” Investigate and compare the digestive systems of a monogastric and a ruminant animal, using real or virtual examples”
YES it is part of the new syllabus in QLD and it is listed as a mandatory practical – but they wrote it without consulting anyone in the industry.
Sheep stomachs are not only difficult to get, they are impossible to package.
They are difficult to get because they are hard to transport. Nobody wants a bucket full of sheep farts in their meat truck
Because of their diet and digestive processes, the stomach continues to inflate with gas long after it is removed from the animal. By the time it gets to me I can’t get it into a bag, let alone into the cryovac machine. We have found in the past that freezing doesn’t stop it – it just keeps getting bigger.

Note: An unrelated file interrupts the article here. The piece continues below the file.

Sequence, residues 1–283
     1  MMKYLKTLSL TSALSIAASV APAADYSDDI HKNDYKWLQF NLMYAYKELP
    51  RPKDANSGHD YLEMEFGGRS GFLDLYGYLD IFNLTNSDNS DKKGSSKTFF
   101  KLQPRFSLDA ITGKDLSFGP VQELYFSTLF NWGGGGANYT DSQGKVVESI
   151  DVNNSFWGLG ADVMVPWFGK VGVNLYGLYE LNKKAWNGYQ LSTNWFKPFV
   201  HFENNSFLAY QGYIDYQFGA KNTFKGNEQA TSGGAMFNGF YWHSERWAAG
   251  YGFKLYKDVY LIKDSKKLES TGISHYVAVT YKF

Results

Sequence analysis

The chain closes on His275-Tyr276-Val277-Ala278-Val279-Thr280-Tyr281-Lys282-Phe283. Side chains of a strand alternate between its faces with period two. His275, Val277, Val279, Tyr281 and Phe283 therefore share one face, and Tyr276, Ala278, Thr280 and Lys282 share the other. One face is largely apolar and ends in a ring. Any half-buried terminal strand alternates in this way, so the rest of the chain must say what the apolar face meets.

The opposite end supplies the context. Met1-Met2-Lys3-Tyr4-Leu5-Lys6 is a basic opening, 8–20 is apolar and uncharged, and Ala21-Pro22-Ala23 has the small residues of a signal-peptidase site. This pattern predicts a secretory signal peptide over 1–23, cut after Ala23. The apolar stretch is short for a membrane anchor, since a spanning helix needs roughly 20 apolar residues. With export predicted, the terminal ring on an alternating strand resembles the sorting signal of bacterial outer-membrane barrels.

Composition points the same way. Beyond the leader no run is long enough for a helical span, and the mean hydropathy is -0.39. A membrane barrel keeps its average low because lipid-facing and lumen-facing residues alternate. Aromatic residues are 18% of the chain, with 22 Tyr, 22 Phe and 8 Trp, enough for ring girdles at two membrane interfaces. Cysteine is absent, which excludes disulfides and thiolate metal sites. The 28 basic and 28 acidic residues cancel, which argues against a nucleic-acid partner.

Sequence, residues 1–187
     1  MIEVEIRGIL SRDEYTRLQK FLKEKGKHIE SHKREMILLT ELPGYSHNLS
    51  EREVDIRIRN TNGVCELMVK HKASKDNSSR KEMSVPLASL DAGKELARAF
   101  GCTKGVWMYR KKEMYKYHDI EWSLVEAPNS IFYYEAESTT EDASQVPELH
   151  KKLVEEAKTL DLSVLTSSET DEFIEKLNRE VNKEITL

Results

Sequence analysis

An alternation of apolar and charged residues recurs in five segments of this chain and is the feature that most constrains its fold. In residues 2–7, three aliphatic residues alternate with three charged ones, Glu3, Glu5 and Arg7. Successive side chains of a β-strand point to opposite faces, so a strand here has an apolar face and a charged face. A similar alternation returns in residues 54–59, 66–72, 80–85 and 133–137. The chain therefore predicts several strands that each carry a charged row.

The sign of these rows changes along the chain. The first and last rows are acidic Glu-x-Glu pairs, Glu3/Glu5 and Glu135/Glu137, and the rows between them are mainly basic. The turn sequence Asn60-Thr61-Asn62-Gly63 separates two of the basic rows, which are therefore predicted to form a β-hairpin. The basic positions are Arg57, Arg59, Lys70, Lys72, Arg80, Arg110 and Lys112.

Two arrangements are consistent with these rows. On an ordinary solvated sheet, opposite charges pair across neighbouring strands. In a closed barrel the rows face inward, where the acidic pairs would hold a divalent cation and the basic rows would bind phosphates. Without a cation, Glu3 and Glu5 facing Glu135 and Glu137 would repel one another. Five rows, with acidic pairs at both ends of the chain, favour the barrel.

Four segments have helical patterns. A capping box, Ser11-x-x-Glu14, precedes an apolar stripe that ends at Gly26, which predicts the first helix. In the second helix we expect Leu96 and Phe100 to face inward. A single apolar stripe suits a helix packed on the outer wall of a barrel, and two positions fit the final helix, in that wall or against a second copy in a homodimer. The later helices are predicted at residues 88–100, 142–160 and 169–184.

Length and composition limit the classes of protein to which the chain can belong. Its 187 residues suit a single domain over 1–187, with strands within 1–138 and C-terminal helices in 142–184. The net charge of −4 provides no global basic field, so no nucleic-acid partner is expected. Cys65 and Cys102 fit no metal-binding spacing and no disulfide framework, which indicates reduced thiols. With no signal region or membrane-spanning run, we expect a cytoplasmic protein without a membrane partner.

Pig stomachs are a different story. We often have a couple in the freezer. They look like Lady Gaga’s handbags.
So, I wouldn’t usually rate Buzzfeed a great source for scientifically accurate literature. Having said that – this anatomy quiz was really good. Not the drawing of the ovary, though. That is just weird.
You’ve got reproduction coming up in the national curriculum next term so here’s a handy tool to scaffold your unit around. Give the kids a go at this quiz which asks them to identify a number of different anatomical structures from a clear, easy to understand diagram. You could have the class try it out at the beginning of the unit and then again at the end to show them how much they’ve learned.
Also a great opportunity to get a real uterus and ovary in front of them so they can compare the real thing with the diagram.
I wish I could say that I had put together this gif myself using our simulated blood powder, but I was pointed towards it on Twitter this weekend. It’s going to make a great prac in your classroom, though. Let me know if you need a blood powder top up. One sachet makes a litre so it lasts for ages.